While the immediate response to COVID-19 seems all-consuming, we still need to think of this pandemic in phases. There’s what we must do “now” to manage business continuity, what we must do “next” to prepare for the new normal and the need to accelerate digital transformation, and what we must do “beyond” COVID-19 to be in a position to create value for the longer term. China’s recovery provides a critical lesson: you need all three tracks of strategy under way to be prepared for each time horizon. Because if you don’t work in parallel, you risk being left behind.
The problem? Reimagining your customer strategy is challenging enough when consumer behavior is stable and predictable; it’s exponentially more difficult when the way we live, eat, and shop is changing rapidly and radically. So, what do we know? The EY Future Consumer Index finds four segments emerging:
- 35 % of people are in what we call “save and stockpile,” worried about their families and pessimistic about COVID-19’s long-term effects
- 27% have “cut deep,” reducing spending across all categories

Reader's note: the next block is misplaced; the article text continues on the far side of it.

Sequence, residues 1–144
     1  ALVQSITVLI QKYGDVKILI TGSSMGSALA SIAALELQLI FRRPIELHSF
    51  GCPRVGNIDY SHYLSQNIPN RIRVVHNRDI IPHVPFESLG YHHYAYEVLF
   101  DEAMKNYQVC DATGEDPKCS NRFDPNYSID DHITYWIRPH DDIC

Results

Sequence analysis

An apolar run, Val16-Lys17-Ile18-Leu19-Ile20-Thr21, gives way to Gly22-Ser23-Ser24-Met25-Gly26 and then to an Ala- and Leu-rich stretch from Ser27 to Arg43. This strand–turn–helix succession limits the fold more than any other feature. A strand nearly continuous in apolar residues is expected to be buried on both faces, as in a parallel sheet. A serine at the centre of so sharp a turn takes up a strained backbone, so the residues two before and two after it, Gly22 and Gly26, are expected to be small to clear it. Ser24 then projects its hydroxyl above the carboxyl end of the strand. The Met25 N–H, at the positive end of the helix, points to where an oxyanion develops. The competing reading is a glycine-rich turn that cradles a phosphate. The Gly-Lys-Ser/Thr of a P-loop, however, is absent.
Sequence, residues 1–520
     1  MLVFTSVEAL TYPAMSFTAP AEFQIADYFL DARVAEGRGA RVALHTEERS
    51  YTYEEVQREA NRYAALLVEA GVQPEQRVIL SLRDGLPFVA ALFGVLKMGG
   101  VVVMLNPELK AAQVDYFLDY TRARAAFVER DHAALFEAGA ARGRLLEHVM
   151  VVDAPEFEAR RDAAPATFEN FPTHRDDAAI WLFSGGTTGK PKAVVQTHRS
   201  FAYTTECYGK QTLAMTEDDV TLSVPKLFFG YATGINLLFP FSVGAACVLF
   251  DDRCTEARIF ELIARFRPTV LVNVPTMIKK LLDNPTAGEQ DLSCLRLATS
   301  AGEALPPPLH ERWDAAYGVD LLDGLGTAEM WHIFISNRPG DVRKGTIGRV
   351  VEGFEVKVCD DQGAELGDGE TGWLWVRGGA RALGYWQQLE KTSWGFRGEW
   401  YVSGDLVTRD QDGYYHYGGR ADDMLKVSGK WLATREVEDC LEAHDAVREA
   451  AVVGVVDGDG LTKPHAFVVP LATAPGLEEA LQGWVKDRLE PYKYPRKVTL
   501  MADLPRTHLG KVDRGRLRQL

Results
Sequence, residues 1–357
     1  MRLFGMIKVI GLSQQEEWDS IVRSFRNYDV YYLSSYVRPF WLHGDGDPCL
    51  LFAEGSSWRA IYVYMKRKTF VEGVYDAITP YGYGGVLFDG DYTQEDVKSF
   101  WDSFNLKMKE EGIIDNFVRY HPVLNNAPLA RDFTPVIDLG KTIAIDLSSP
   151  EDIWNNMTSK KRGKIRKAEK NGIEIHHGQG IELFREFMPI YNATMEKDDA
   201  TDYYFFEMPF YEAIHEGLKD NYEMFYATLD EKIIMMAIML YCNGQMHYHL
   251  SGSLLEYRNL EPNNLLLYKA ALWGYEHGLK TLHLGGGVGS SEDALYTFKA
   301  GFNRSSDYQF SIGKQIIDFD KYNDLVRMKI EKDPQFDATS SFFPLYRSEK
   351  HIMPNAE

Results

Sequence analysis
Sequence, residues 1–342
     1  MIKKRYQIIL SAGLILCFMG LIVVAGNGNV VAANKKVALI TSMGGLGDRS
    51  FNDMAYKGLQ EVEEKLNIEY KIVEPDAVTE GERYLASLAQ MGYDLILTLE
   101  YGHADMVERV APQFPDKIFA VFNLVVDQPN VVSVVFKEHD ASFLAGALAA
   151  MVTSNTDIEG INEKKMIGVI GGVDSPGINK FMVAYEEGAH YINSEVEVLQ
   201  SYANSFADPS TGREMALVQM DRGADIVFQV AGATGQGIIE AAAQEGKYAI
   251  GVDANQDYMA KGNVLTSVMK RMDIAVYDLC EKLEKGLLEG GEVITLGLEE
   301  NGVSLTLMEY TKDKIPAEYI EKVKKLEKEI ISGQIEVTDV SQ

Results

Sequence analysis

- 26% are “stay calm, carry on,” with largely unchanged spending habits
- 11% are “hibernate and spend,” best positioned to cope, optimistic about the future, and spending more
Consumer spending expectations
So, these are the immediate changes. But we know the pandemic is also forcing a reassessment of values, habits and consumption patterns, and many of these won’t reverse. While the EY Index finds a majority of consumers expect spending to be the same or more after the COVID-19 crisis (31% expect spending to be unchanged, 25% plan to spend more in areas important to them, and 9% intend to spend more across the board), more than a third plan to spend less – and 13% of all consumers plan to make deep cuts.
Add to this mix a host of other changes, from greater working from home accelerating e-commerce and shifting attitudes to digital privacy, and the priority is clear. Leaders need to quickly re-think digital transformation agendas to ensure brands are positioned correctly, that they are building foundations for lasting relationships with consumers, and using data and technology to help understand new levers for continuous and dynamic optimization. It’s too late to undertake this work when the consumer environment seems more predictable.